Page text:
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Book Review: Digital Photography from the Ground Up by Juergen Gulbins

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Digital media has revolutionized music. But first, it revolutionized art, especially photography. Things that were once reserved for people who had spent their lives training and experimenting can now be done with a $200 camera purchased at the local Wal-Mart and an image-editing program downloaded for free from the internet. But even that takes some skill and understanding, and that's where Digital Photography from the Ground Up comes in.

The title says "from the ground up" and it's serious. Gulbins starts the book with over 50 pages covering how to buy a digital camera, and what the differences are. People overlook this part of the process, but when you're buying a camera you have to have in mind what you want to do with it. Gulbins covers the technology in the camera (the image sensor, the lenses, etc.) and the accesories that the salesperson will insist you buy (bag, memory, batteries). We get the details on various image formats, from JPEG to RAW, the metadata formats (descriptive information about the image that the camera typically stores, and that you can see if you use online services like Flickr).

"Ground up" also means pixels and printer resolution. Gulbins covers lines per inch, dots per inch, and pixels per inch, explaining how to get the best results from your inkjet printer. We also get a primer on photography, including concepts like color temperature, depth of field, and aperture and shutter speed. This is the part that I appreciate the most in Digital Photography from the Ground Up – Gulbins doesn't assume anything at the beginning. Everything is explained as if the reader knows nothing about photography beyond "pint and shoot," and it's explained in clear language, using a lot of color photo examples.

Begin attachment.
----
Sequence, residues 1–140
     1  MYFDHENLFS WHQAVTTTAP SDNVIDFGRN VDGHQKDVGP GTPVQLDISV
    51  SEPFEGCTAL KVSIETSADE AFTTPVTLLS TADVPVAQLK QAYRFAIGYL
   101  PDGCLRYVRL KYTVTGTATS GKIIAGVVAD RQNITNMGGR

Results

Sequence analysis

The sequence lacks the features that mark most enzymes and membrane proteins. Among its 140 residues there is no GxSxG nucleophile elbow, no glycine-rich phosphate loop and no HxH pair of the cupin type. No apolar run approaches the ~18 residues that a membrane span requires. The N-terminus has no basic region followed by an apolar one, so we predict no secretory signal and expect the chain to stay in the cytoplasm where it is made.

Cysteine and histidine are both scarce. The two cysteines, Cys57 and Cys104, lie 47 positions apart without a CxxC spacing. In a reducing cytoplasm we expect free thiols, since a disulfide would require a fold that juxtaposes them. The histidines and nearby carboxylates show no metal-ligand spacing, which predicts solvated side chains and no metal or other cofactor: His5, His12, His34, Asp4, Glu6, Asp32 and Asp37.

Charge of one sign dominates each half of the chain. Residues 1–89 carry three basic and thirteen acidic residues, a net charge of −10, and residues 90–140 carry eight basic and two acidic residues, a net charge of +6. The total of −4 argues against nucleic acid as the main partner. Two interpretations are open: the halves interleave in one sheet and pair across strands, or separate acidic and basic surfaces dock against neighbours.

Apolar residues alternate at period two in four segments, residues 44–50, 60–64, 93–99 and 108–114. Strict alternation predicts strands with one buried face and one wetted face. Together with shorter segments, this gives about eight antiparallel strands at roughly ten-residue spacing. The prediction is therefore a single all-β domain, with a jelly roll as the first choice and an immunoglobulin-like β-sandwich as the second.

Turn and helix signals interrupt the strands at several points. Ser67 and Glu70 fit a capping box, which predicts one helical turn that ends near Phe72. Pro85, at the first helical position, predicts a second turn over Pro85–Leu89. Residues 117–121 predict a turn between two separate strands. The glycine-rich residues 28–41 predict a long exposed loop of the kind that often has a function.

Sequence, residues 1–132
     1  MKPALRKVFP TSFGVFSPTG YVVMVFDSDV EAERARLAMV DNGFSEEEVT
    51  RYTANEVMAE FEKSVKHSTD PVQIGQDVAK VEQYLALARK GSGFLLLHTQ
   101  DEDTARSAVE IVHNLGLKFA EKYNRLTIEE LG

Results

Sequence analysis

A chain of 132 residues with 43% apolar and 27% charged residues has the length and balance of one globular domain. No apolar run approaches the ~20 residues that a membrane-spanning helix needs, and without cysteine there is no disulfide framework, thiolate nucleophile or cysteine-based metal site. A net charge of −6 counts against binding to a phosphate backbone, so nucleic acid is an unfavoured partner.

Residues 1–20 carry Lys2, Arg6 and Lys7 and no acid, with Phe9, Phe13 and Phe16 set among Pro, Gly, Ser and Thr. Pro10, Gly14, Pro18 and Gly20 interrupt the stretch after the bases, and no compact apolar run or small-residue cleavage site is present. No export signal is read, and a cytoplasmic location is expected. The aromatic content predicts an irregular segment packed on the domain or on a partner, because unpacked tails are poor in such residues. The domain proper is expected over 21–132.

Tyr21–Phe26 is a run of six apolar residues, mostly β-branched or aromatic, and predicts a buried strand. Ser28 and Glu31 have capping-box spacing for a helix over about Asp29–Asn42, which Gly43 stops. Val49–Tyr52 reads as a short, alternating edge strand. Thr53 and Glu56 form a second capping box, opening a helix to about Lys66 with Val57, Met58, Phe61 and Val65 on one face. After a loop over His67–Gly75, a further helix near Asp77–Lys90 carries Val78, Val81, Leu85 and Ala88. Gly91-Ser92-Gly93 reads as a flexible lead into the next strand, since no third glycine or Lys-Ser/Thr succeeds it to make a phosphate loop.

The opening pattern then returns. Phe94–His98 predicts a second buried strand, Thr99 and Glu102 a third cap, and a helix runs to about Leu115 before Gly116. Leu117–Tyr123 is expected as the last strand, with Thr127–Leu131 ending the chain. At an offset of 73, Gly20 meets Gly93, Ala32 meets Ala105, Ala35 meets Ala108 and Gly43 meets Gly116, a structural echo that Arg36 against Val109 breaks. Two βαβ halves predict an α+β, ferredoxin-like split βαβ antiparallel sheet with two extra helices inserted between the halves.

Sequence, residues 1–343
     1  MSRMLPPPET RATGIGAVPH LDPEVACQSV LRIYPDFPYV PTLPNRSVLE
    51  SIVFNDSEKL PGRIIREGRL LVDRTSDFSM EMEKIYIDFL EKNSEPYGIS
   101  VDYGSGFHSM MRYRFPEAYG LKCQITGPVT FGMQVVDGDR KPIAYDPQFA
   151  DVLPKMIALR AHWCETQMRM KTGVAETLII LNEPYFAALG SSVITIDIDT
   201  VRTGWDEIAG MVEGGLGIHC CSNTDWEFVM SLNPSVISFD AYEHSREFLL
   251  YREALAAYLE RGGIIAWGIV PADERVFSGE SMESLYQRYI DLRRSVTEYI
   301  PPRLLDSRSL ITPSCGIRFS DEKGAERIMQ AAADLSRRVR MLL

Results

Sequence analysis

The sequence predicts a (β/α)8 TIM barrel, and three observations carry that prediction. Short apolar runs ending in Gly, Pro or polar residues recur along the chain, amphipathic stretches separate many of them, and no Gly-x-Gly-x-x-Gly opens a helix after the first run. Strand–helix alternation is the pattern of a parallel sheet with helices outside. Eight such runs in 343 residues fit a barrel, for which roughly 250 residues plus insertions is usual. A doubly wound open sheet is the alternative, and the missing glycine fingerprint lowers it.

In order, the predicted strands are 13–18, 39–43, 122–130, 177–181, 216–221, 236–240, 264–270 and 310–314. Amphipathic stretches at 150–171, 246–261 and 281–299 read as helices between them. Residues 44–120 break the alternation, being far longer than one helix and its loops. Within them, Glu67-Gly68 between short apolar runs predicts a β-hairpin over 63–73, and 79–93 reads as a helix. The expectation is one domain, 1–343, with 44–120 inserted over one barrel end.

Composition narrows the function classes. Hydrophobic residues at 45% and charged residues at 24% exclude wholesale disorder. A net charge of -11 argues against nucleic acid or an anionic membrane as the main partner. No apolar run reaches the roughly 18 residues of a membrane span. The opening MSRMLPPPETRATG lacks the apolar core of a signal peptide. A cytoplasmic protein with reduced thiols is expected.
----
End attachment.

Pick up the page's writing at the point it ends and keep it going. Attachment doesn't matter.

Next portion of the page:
Gulbins covers RAW files in more detail in its own chapter. I knew essentially nothing about photography in the RAW format, so I learned a lot from this chapter. And the section on image storage and management should be required reading for anyone with a digital camera. But the most valuable sections for me were those covering image composition (a basic of photography, but one that most vacation photographers are ignorant of) and the image editing section. While Gulbins uses Photoshop Elements in his examples, the principles are useful for any image-editing software (especially the GIMP-based GIMPshop, which mimics Photoshop's interface and commands.

Digital Photography from the Ground Up is a book that will help anyone, regardless of experience, to take better digital photographs. More than that, it will help your digital photos look more professional. If you only buy one book on digital photography to help you take better pictures, this needs to be the one.

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